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Doctoral candidate Niranjan Sitapure smiles in front of Conference of Parties sign in Egypt.
Niranjan Sitapure was invited to showcase Texas A&M's research toward climate change within engineering. | Image: Courtesy of Niranjan Sitapure

Texas A&M University doctoral candidate Niranjan Sitapure was given an opportunity to present at the Conference of Parties in Egypt last November.

Sitapure, a student in the Artie McFerrin Department of Chemical Engineering and a member of Dr. Joseph Kwon’s lab showcased a brief, very high-level overview of the Texas A&M Energy Institute's contribution to climate change engineering.

Specifically, the presentation provided a broad overview of EI’s expertise in process modeling and optimization, data-driven energy forecasting, supply chain, resilience and circular economy from the context of hydrogen generation, carbon capture, and food-energy-water nexus.

(COP) is an internal conference hosted by the United Nations (UN) that focuses on global warming issues, and corresponding remedial actions in form of legislation, compliance treaties, and corporate guidelines on a global scale.

The conference was hosted by Egypt in Sharm El-Sheikh and was touted as Africa’s COP with a focus on implementation and practical actions taken by UN countries in accordance with the Paris Agreement.

“For my personal benefit, as I'm going into management consulting, and I'll be working with a lot of financial clients, so understanding how the corporate and the legal sides kind of interact with each other is something very interesting that a Ph.D. student does not generally have an opportunity to see at such an international scale,” Sitapure said.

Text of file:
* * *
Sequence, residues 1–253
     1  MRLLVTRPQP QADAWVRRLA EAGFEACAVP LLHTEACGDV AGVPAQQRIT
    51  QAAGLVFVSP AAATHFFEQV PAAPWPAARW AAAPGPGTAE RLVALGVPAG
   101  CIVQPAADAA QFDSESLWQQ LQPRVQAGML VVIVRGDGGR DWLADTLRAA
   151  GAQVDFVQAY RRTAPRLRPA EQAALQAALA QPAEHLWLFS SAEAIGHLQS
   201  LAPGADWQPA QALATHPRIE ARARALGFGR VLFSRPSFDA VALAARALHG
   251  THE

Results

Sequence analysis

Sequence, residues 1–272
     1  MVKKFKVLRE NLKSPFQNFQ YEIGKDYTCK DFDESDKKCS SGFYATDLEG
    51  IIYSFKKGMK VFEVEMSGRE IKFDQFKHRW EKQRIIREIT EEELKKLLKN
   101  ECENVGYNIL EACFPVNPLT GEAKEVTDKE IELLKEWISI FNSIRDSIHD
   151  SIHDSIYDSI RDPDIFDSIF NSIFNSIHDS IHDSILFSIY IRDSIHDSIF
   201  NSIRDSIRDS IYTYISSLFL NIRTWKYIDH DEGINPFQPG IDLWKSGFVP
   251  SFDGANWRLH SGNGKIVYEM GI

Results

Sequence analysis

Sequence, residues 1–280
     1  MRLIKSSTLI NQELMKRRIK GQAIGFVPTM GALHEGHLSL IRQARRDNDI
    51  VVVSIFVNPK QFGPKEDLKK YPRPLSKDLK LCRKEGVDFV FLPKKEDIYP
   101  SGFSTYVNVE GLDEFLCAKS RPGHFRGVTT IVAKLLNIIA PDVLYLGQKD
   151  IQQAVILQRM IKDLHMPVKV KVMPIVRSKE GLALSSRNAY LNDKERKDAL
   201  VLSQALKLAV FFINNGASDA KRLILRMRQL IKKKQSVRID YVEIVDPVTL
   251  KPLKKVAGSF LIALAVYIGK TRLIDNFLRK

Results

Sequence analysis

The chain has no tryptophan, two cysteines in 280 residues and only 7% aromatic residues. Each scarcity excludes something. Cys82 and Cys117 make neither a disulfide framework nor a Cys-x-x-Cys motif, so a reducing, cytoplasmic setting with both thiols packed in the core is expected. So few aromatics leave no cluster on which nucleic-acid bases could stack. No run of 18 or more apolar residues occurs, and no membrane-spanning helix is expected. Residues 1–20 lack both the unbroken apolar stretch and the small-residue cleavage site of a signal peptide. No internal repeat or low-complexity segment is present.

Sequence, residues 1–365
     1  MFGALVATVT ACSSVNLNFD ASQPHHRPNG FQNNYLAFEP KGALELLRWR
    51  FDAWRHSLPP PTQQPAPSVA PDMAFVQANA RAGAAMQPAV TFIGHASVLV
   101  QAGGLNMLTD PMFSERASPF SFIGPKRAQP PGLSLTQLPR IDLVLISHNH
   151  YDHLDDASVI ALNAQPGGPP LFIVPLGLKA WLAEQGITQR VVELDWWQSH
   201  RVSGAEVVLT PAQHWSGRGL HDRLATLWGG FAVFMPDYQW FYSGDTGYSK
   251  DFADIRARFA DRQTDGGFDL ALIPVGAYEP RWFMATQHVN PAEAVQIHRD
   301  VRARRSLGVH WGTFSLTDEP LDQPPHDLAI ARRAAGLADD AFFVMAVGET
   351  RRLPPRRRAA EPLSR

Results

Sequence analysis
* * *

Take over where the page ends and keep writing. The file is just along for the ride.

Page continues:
“He presented a high-level overview of the Energy Institute's contributions to ClimateTech engineering using the process-systems engineering approach, highlighting the multifaceted approach they deploy to solve problems associated with the food-water-energy nexus, hydrogen, carbon capture and fossil fuels,” Kwon said.

Sitapure said he was surprised that there were many students and representatives from different universities who had this expertise or inclination towards sustainability.

He was also pleased to see so many network opportunities as possible with fellow students and other companies. To him it was reassuring to have connections and resources in a career he wants to continue pursuing.

In addition to the presentation, Sitapure was able to network with a few potential collaborators and student-focused programs. He was also part of a cohort of graduate students in energy and STEM-related disciplines from various U.S. universities.

“Sitapure is a true academic trailblazer, fearlessly tackling complex challenges in the field of chemical engineering with his innovative approaches in modeling, machine learning, and process control,” Kwon said. “His passion for leadership burns bright as he guides various organizations towards a sustainable future in energy.”